Any economist will say that Americans have been living better than they should—which is by definition the case when a nation’s total consumption is greater than its total production, as America’s now is. Economists will also point out that, despite the glitter of China’s big cities and the rise of its billionaire class, China’s people have been living far worse than they could. That’s what it means when a nation consumes only half of what it produces, as China does.

    Neither government likes to draw attention to this arrangement, because it has been so convenient on both sides. For China, it has helped the regime guide development in the way it would like—and keep the domestic economy’s growth rate from crossing the thin line that separates “unbelievably fast” from “uncontrollably inflationary.” For America, it has meant cheaper iPods, lower interest rates, reduced mortgage payments, a lighter tax burden. The average cash income for workers in a big factory is about $160 per month. On the farm, it’s a small fraction of that. Most people in China feel they are moving up, but from a very low starting point.

    This is the bargain China has made—rather, the one its leaders have imposed on its people. They’ll keep creating new factory jobs, and thus reduce China’s own social tensions and create opportunities for its rural poor. The Chinese will live better year by year, though not as well as they could. And they’ll be protected from the risk of potentially catastrophic hyperinflation, which might undo what the nation’s decades of growth have built. In exchange, the government will hold much of the nation’s wealth in paper assets in the United States, thereby preventing a run on the dollar, shoring up relations between China and America, and sluicing enough cash back into Americans’ hands to let the spending go

    1. pgl

      James Fallow is a journalist – sort of like Thomas Friedman. Journalists write a lot of uninformed nonsense. I’ll take the word of economists like Menzie Chinn over the bizarre writings of journalists any day. But do continue to find us more of your wonderful disinformation!

    1. pgl

      Does the dude carrying that sign even know what Medicare is? That is almost as dumb as this line from Peak Trader as he continues his campaigning for tax cuts for the rich:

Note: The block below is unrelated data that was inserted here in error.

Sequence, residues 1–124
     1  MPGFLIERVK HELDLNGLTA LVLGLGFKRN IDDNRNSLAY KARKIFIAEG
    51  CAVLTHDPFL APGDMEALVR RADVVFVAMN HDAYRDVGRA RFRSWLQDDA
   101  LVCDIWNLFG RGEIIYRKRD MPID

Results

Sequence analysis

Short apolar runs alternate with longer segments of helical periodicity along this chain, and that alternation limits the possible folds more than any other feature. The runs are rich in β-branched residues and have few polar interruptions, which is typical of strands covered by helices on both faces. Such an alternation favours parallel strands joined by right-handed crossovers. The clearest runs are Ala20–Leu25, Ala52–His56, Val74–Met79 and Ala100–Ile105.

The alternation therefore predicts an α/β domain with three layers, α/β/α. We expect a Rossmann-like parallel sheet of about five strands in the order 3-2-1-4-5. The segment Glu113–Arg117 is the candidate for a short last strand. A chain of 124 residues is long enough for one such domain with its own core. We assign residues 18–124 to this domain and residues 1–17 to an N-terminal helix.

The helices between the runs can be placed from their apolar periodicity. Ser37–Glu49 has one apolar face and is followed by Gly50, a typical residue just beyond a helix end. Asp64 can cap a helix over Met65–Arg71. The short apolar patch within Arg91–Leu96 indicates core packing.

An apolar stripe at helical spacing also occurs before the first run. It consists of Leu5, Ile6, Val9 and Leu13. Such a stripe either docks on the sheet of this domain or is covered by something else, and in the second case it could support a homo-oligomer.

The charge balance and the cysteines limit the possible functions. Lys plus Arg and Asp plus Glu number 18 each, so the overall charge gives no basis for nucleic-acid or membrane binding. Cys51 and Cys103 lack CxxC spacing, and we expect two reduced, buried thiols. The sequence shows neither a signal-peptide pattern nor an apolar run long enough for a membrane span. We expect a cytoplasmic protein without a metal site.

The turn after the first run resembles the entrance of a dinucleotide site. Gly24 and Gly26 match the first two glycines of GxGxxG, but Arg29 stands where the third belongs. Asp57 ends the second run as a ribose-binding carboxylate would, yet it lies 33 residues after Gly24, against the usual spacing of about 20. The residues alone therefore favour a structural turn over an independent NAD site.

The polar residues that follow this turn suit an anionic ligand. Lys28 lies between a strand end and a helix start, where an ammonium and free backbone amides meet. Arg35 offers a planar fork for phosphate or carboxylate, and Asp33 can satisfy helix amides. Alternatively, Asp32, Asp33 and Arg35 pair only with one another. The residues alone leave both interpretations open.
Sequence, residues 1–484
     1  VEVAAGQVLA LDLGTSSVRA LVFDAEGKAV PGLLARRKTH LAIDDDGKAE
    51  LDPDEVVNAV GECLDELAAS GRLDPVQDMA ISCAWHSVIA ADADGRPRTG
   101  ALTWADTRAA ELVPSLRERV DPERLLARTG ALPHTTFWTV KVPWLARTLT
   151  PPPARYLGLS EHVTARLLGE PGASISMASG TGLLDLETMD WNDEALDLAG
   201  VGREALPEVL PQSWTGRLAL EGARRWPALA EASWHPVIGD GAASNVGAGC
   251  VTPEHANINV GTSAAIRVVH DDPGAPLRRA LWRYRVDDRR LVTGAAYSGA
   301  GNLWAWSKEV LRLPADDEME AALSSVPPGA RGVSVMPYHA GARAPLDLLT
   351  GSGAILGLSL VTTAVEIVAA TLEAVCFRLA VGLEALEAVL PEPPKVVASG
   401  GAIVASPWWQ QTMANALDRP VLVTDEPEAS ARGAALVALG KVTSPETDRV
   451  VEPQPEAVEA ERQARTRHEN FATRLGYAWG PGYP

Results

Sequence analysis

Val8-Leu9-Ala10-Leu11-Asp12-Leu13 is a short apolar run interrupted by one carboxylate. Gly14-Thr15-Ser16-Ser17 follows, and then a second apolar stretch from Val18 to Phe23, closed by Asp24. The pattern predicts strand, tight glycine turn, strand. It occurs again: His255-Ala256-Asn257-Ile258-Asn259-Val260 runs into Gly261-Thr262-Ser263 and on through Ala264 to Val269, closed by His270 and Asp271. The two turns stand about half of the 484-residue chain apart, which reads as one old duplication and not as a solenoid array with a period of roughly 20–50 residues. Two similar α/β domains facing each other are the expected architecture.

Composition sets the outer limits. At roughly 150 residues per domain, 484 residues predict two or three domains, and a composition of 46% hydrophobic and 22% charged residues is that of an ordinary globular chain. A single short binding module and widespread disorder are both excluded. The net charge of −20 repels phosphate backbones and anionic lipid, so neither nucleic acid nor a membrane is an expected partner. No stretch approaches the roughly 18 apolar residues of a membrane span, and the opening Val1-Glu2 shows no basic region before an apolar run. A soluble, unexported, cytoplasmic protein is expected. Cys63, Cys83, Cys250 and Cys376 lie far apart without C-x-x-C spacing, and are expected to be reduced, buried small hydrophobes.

“average annual GDP growth of 3.37% over the long boom in 1982-07”.

      I guess Peaky forgot we had a massive recession after Reagan got his tax cut. And it seems we got another tax cut 20 years later and it appears Peaky is not aware of the 2001 recession.

  8. PeakTrader

    Negative name caller # 1 – pgl – obviously, likes to provide lots of tidbits of nonsense and irrelevance.

    The U.S. had up to $800 billion a year trade deficits in the mid-2000s at full employment. U.S. consumers exchanged dollars for foreign goods and foreigners exchanged dollars for U.S. Treasury bonds. Thanks to the selfishness of the federal government pgl bows to, not enough dollars were refunded to U.S. consumers to allow the spending to go on.

    1. pgl

      More babbling from the bot? I get the sense that your mission in life is to make Stephen Moore look smart and honest by comparison. On that score – you are so an admirable job.

      1. PeakTrader

        Obviously, your mission in life is to make things up and provide an endless supply of negative comments.

  9. PeakTrader

    The country suddenly is underproducing by over $1 trillion a year, since 2009. Trade deficits shrunk partly from weaker U.S. growth and partly from importing less oil, thanks to the fracking boom. The U.S. has become a less powerful engine of global growth, pulling the rest of the world’s economies. Negative name caller #1 – pgl – and negative name caller/complainer # 2 jr – Baffling – seem to believe people should be poorer.

    1. pgl

      “The country suddenly is underproducing by over $1 trillion a year, since 2009.”
      Yes – our failure to listen to Christina Romer was a mistake. Funny thing – she advocate a lot more fiscal stimulus via government purchases. YOU on the other hand want to CUT government spending. Stephen Moore is smiling as he is no longer the dumbest person alive!

      1. PeakTrader

        For someone, who assumes others are dumb, you’ve shown no good reasons why you’re not. Robert Barro correctly predicted the result of the 2009-10 spending spree.

  10. John Stiff, the Kopits friend

    Could be that the more the fake-news mob is increasing its Trump-bashing, the more economic activity will increase. Hey, I have found a new correlation Menzie !
    Anyway, hats off for the first Trump year, achieved a lot and lots of persistence.